Help with Rip v2 lab

Unanswered Question
Nov 28th, 2008


In my lab I have got 3 routers which I have connected to each other using their serial cables.

I'm using DTE/DCE back-to-back cables.

Anyway all is working fine, but the serial links are so slow, what speed are they and do I need to configure their speed?

The reason I ask is it took 10 minutes to copy a 11mb from one router LAN to another routers LAN?


I have this problem too.
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Giuseppe Larosa Fri, 11/28/2008 - 14:04

Hello Andy,

how fast you can go depends on your hardware: if you are using A/S serial interfaces they cannot reach 2 Mbps but probably not more then 128000 bps in sync mode.

to see the real speed you can:

check the clock rate command on the DCE side


sh controller serx/y check the TX or RX clock rate.

for the hardware you can verify using

show ver

show hardw

These interfaces can be slow but allow you to test different features like FR, FR switching, PPP encapsulation and so on

Hope to help


whiteford Sat, 11/29/2008 - 00:05

Thanks for finding the time to help me.

1.) On my DCE sides I have the clock rate set at 128000, what is this rate? I only used this rate from an example, can I increase this?

2.) Are serial connections used a lot today?

3.) A/S serial?

4.) My next task is upgrading to ospf

Many thanks I have attached a diag and one of the configs.

Giuseppe Larosa Sat, 11/29/2008 - 02:29

Hello Andy,

if you have only two serial interfaces they are synchronous and you can increase the clock rate up to 2048000 I think.

just type clock rate ? and see the suggested values.

Your serial interfaces are running at 128 kbps that is quite slow nowdays.

In synchronous serial interfaces the clock rate is also the speed of the link.

2) They are still used, for example in combination with HDSL. They offer symmetric speed while ADSL doesn't. The advent of broadband access xDSL, cable modems has changed the WAN landscape

3) there are modules with 8 ports that behave in two ways: as sync as the ports you already have or as async lines that can be used to build a terminal server: if you have 8 serials in the same module for sure they are A/S.

the sh ver can tell you what you have.

But if I remember correctly from other thread when we discussed about the cables for back-to-back connections you have the normal sync serials on your routers.

4) you can work with OSPF in your lab even at 128 kbps.

Hope to help


whiteford Sun, 11/30/2008 - 02:28

Thanks fo you help.

1.) What is the differce betweek clock rate and bandwidth?

2.) If the bandwidth is lower on one route will it use the faster router?

3.) Just one more thing. I'm not if you have looked at me network diagram, but I have loopbacks to allow me to ping and test RIP, but what if 2 loopbacks or LAN's are using the same IP range. I know a good way round this which I've seen engineers do is NAT, as the LAN's are too big to change.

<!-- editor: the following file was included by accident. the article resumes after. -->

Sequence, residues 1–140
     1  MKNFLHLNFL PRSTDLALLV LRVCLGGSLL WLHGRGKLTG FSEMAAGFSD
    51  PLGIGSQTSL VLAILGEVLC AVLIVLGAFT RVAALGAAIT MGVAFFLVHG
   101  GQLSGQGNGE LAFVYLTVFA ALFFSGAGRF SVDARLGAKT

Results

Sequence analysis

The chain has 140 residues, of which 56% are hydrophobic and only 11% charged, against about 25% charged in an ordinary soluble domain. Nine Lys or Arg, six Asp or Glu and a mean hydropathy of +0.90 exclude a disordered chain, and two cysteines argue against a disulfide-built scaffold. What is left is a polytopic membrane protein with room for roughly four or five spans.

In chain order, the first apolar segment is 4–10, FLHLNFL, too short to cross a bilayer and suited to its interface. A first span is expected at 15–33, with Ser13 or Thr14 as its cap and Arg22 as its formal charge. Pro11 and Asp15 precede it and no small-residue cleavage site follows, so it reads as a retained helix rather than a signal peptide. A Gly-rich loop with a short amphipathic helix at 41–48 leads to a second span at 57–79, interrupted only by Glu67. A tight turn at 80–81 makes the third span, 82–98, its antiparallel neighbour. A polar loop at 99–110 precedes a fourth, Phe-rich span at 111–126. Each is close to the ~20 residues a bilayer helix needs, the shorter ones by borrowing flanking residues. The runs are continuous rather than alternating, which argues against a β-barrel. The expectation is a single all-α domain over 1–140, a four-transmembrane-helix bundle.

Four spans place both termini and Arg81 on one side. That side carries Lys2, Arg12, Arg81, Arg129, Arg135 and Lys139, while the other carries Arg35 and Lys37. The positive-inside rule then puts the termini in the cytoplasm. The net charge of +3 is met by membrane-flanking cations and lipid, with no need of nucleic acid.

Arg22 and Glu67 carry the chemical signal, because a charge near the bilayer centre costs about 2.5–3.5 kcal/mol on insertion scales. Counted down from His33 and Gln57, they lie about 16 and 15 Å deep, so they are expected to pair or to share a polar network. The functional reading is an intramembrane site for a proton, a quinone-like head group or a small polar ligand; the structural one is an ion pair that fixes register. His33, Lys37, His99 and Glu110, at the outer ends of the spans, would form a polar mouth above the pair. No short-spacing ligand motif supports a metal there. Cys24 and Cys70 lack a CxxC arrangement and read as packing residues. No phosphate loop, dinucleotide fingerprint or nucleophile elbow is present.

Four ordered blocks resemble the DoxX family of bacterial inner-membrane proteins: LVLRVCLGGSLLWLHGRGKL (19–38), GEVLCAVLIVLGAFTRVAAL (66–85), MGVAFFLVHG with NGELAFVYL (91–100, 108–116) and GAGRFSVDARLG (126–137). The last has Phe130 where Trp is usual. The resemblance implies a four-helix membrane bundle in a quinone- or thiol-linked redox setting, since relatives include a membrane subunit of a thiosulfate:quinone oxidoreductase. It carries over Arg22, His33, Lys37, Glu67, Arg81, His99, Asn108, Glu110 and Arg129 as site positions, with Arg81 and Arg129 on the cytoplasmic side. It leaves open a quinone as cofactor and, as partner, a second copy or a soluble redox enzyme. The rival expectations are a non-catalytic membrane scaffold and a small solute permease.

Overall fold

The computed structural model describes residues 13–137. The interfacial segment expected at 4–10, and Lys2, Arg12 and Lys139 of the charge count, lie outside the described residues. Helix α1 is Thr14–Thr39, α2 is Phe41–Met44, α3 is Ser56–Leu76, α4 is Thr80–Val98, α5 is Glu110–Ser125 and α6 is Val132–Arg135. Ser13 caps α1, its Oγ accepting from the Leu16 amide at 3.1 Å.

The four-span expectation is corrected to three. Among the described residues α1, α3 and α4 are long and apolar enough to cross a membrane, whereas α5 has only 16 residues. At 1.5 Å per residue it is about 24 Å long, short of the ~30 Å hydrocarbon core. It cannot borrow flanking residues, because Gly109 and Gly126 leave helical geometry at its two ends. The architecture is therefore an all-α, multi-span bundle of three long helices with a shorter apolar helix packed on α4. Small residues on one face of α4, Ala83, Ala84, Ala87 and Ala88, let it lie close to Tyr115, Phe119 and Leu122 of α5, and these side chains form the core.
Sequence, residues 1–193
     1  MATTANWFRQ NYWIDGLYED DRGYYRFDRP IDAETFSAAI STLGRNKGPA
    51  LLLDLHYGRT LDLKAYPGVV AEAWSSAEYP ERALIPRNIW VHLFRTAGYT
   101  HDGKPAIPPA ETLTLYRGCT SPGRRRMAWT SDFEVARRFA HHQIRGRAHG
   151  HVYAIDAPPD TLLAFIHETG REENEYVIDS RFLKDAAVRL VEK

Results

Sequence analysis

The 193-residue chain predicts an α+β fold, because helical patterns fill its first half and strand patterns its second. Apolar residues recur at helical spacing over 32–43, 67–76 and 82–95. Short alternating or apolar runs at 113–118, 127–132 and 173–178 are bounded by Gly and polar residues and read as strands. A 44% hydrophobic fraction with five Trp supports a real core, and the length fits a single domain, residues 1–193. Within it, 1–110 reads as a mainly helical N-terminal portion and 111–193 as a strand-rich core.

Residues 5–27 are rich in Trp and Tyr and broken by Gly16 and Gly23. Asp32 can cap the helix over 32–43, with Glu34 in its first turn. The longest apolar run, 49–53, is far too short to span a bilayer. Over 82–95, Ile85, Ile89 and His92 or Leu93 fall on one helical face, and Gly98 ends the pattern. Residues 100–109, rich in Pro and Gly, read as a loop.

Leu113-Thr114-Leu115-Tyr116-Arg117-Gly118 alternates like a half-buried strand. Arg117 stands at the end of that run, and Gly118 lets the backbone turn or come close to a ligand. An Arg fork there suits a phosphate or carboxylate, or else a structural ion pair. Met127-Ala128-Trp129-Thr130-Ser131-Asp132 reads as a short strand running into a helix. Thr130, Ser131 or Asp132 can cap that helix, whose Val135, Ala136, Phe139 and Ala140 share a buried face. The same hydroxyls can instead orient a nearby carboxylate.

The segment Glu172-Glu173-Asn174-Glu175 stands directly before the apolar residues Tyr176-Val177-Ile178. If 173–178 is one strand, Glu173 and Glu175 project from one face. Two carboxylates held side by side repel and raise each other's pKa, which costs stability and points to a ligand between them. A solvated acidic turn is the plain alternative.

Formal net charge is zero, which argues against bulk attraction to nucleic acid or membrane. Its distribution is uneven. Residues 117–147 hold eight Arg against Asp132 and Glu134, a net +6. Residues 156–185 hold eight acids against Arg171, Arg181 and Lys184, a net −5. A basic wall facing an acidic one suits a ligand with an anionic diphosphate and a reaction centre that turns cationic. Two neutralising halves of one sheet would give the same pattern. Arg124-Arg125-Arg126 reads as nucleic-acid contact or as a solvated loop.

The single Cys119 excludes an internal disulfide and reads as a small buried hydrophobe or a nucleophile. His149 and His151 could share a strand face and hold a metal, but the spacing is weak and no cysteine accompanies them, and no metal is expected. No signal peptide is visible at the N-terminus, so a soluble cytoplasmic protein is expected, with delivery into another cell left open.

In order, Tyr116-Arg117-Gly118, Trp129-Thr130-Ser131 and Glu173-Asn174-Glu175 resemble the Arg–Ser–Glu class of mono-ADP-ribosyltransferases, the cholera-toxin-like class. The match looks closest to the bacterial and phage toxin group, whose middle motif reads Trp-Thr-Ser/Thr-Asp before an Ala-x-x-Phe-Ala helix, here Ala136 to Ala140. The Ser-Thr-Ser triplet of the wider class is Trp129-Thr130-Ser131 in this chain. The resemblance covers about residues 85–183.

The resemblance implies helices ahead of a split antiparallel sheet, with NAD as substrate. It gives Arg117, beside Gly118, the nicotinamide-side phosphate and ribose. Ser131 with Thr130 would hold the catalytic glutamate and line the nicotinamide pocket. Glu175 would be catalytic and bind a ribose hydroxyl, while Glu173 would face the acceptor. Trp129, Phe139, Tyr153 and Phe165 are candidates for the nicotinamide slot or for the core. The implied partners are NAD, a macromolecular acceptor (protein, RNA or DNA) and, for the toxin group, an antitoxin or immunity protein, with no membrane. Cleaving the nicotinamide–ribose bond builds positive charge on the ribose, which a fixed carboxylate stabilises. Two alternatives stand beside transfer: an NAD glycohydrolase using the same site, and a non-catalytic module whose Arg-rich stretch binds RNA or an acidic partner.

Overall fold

Is this something I could achieve with my setup?


Giuseppe Larosa Sun, 11/30/2008 - 04:43

Hello Andy,

1) the clock rate is the real speed of the link, bandwidth is an administrative parameter that can be changed indipendently of real link speed

int ser0/0

bandwidth 128

! this makes the BW 128 kbps

Changing BW has effects on dynamic routing if using OSPF or EIGRP and on the modular QoS.

2) with OSPF yes, with RIP no

3) you can also test NAT with your setup. remember that you can multiply the LAN interfaces using subinterfaces

But I would suggest you to do it later: before take confidence with OSPF and then focus on NAT.

Hope to help


whiteford Sun, 11/30/2008 - 04:52

Thanks so if you use OSPF and BW on the interfaces it can be configured to take the fastest link?

I'm doing my ICND1 and ICND 2 studies, I will upgrade to OSPF next although my instructure said it's complicated to set up, at the moment all I know is you set up "areas" on each of my 3 routers, and that like Rip v2 it is classless.

whiteford Sun, 11/30/2008 - 13:45

Just to let you know I ran clock rate and the interfaces said 300-800000, so I set them all to 800000.

thotsaphon Sun, 11/30/2008 - 04:52

hi Andy,

Clock rate is what you're thinking about access-rate. Let's say I want to use 512k bandwidth of link. It means that the router can send packets at that rate.

A "bandwidth" command is to reference bandwidth on the interface. The router will use this bandwidtd to calculate what it wants. f.e. Path cost , Metric or something.

Actually you should configure the bandwidth to be the same value of the real clock that you're using.

Note : DTE/DCE In your case you have to provide clock on one side. It's DCE side.


whiteford Sun, 11/30/2008 - 04:58

Thanks, does the bandwidth have to be configured on the DCE router and DTE router, both side of the route I mean?

thotsaphon Sun, 11/30/2008 - 05:04


You're using DTE/DCE back-to-back. You have to configure on one side to provide clock. It's DCE.

Just think when you're connecting the router to ISP's modem. Who's providing clock to you? ISP right? Which type of cable you are using on the router. DTE right?


whiteford Sun, 11/30/2008 - 05:08

Thanks, I'm clear on the DCE clock side does the bandwith setting only get put on the DTE side with the clock rate?

thotsaphon Sun, 11/30/2008 - 05:14


There are two things.

1. Clock Rate , You have to configure on DCE side.

2. A bandwidth command. Technically speaking, you should configure the same value on both sides to tell routers how much bandwidth they are using. If they are runing RIP then they can calculate the correct value on both side.




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